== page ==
-- Heading into the playoffs, I thought the Lightning might be the one team with the horsepower to at least push whoever makes it out of the West (assuming a West power made it rather than some upstart like Calgary). I haven't seen that Tampa Bay team as much as I thought I would, yet now we're seeing the squad that featured just a bit of everything. Heck, they're even making like the regular season by dragging Ben Bishop through some low moments.

That said, that defense obviously needs to improve.

-- Speaking of their defense, Matt Carle left the game and did not return after colliding with Derek Stepan during the first of Jesper Fast's two goals (Fast was fantastic in Game 3, by the way). The Lightning dressed seven defensemen for Game 3, so Carle's loss didn't sting as much as it would have under normal circumstances.

-- Jon Cooper would be wise to keep Nikita Nesterov in the lineup. He doesn't look out of place out there, grabbing the primary assist on Tampa Bay's last two goals.

-- Henrik Lundqvist looked absolutely devastated after the game, which is understandable considering the fact that he's allowed six goals in two straight games (both, not surprisingly, losses). I feel like these two teams are almost bound to slow down at some point, which would be a great relief for the two goalies.

Lundqvist did look shaky on some goals - he probably wants that Kucherov OT winner back, even beyond the overtime goal factor - yet he also made some huge stops. It argues quite reasonably that these struggles have a lot to do with the way the Rangers are playing.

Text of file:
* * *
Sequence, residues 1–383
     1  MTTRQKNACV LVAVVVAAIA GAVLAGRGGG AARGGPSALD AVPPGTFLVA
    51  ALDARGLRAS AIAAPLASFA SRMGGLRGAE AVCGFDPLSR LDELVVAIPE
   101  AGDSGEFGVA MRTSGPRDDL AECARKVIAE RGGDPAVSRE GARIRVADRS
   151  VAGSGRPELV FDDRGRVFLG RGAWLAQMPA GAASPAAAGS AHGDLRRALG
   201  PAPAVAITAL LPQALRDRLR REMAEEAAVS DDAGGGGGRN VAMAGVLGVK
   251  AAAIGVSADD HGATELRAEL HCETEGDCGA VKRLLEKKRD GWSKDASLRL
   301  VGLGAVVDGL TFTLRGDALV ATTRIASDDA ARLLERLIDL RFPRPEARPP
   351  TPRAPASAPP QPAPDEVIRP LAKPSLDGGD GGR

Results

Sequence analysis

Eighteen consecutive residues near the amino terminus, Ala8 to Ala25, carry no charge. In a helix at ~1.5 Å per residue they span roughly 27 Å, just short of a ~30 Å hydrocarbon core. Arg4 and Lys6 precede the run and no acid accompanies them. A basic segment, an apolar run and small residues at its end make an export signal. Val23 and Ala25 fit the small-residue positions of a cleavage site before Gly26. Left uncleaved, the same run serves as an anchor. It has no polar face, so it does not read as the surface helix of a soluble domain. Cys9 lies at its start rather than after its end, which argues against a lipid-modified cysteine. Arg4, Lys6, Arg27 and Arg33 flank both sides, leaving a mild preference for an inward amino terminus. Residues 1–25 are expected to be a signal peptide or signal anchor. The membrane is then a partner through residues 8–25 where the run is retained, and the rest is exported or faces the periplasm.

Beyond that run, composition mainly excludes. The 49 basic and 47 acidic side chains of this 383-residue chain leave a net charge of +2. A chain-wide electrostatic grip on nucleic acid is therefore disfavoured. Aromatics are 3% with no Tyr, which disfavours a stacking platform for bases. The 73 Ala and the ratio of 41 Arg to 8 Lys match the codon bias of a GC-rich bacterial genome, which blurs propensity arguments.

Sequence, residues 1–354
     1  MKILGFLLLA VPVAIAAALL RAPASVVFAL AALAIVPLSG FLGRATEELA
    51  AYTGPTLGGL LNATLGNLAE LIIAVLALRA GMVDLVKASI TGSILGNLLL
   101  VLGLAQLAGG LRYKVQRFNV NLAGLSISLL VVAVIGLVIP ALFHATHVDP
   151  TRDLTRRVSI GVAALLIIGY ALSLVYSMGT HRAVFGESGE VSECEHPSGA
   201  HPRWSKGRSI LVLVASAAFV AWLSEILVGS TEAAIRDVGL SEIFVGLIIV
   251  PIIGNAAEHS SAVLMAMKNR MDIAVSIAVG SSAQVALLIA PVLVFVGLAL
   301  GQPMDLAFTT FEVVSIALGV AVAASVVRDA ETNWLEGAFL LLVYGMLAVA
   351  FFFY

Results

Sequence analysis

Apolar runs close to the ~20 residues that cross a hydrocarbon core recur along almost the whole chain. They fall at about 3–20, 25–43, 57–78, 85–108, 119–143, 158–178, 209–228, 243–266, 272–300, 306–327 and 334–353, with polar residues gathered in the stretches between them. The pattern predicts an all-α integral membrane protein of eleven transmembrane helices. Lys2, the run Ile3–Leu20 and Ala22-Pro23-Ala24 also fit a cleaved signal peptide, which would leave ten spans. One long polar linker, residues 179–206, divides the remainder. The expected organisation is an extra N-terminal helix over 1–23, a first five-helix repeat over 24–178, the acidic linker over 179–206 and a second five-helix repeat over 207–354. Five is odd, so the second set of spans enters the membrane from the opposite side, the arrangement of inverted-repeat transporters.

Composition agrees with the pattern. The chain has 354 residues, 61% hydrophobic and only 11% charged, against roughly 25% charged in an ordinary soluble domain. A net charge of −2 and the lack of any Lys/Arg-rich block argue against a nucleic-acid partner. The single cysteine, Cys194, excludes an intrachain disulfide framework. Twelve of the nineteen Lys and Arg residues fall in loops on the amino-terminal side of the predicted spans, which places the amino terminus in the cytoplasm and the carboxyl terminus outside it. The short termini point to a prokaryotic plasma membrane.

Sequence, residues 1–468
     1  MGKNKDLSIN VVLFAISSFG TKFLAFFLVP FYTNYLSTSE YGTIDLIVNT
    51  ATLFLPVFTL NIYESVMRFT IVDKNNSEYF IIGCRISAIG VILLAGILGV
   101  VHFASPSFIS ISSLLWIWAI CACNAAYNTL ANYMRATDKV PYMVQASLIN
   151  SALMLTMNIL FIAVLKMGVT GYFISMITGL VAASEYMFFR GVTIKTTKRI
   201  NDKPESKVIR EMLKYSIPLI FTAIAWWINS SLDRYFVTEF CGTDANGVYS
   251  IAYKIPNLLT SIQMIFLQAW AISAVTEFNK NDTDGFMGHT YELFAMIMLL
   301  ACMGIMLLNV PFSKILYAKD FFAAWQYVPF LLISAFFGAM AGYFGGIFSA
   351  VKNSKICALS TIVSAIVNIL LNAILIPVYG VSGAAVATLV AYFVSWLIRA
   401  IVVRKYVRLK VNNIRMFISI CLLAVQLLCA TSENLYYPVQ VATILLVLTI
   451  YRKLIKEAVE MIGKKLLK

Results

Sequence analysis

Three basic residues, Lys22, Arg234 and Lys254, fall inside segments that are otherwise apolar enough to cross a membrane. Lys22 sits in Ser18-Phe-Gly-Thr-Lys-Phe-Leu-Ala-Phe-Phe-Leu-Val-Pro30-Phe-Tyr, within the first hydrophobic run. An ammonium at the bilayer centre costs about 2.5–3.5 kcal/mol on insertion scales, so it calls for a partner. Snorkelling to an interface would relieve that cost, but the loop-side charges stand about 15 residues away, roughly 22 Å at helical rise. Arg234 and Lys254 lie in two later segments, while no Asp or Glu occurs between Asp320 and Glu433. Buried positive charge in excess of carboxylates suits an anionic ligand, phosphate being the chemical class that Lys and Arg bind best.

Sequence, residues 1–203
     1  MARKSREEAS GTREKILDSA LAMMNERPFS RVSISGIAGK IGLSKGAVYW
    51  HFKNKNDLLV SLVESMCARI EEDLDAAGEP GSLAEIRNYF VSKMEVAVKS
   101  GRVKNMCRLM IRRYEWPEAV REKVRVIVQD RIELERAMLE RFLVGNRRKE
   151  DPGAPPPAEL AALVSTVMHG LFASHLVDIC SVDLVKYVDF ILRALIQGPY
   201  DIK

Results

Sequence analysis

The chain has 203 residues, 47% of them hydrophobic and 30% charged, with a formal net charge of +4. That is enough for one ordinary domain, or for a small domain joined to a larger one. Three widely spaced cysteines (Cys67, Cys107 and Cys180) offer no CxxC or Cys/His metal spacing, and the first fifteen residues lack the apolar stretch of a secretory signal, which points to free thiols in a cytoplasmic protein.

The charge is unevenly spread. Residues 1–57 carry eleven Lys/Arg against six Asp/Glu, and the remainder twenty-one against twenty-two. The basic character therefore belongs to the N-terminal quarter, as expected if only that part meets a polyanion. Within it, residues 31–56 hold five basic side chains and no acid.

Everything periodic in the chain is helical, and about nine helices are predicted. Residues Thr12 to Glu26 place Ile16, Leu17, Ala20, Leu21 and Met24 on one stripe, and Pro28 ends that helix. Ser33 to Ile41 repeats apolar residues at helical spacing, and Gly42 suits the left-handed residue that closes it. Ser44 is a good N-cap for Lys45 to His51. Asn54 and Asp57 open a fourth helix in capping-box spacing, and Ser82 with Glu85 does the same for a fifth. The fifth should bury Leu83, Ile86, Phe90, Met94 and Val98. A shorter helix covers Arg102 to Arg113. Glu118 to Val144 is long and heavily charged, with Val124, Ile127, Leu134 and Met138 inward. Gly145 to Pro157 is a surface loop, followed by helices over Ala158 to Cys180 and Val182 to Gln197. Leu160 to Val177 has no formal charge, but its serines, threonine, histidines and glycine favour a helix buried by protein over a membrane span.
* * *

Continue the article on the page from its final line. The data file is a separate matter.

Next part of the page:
-- I must admit that I was a touch annoyed by people over-analyzing Rick Nash on his failed semi-breakaway attempt against Bishop (which ended up being a relatively routine save). It’s easy to bury someone for “not lowering his shoulder and crashing the net” from the comfort of a bar stool or couch, after all. What if Nash took that extra time to make a better move and didn’t get a shot off at all? I doubt people would say “Well, at least he dipped his shoulder and went for it.”

Nash is making plays, they’re just not resulting in goals.

Still, if you’re going to bury a star for his struggles, Nash is a fairer target than guys who put up great numbers in losing efforts like, say, Alex Ovechkin and Sidney Crosby. The sample size of Nash playoff games is now at 56 - already 52 with the Rangers these past three postseasons - and his shots just aren’t going in. His 2015 playoff shooting percentage of 3.8 is almost identical to his career playoff average of 3.7 percent.

Even Nash’s harshest critics have to admit that this is pretty odd and baffling.

-- If these games maintain their locomotive pace, maybe Keith Yandle should start getting big minutes? He generated two assists and generally looked a lot closer to the guy the Rangers expected to get in Game 3.

-- Ryan McDonagh's really heating up with four points in his last four games, including a very nice power-play goal that briefly tied the game in the third period. He's shooting a bit more, as 12 of his 30 playoff SOG have come in the last four games (versus 18 in his first 11).

-- Dan Boyle seems overmatched at times, yet he also has four points in his last two games. Hockey is weird.

-- You don't see Marc Staal on many "overrated" lists, but maybe that should change. Dan Girardi probably deserves a spot on said lists, too.

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James O'Brien
James O'Brien is the Hockey Daily Dose's author and has been a contributor to NBC's Pro Hockey Talk for more than four years. Follow him on Twitter.